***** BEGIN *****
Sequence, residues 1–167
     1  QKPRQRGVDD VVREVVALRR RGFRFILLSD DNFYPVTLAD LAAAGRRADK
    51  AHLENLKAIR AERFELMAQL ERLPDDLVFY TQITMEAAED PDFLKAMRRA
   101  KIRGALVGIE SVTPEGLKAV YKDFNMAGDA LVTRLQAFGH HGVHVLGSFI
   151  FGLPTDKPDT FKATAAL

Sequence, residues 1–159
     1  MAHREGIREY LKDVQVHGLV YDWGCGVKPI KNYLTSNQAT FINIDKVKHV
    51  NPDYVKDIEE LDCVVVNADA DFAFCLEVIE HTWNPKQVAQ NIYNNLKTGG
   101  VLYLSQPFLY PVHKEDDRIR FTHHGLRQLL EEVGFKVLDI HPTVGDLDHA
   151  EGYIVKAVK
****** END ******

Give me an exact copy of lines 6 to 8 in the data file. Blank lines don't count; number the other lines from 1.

Sequence, residues 1–159
     1  MAHREGIREY LKDVQVHGLV YDWGCGVKPI KNYLTSNQAT FINIDKVKHV
    51  NPDYVKDIEE LDCVVVNADA DFAFCLEVIE HTWNPKQVAQ NIYNNLKTGG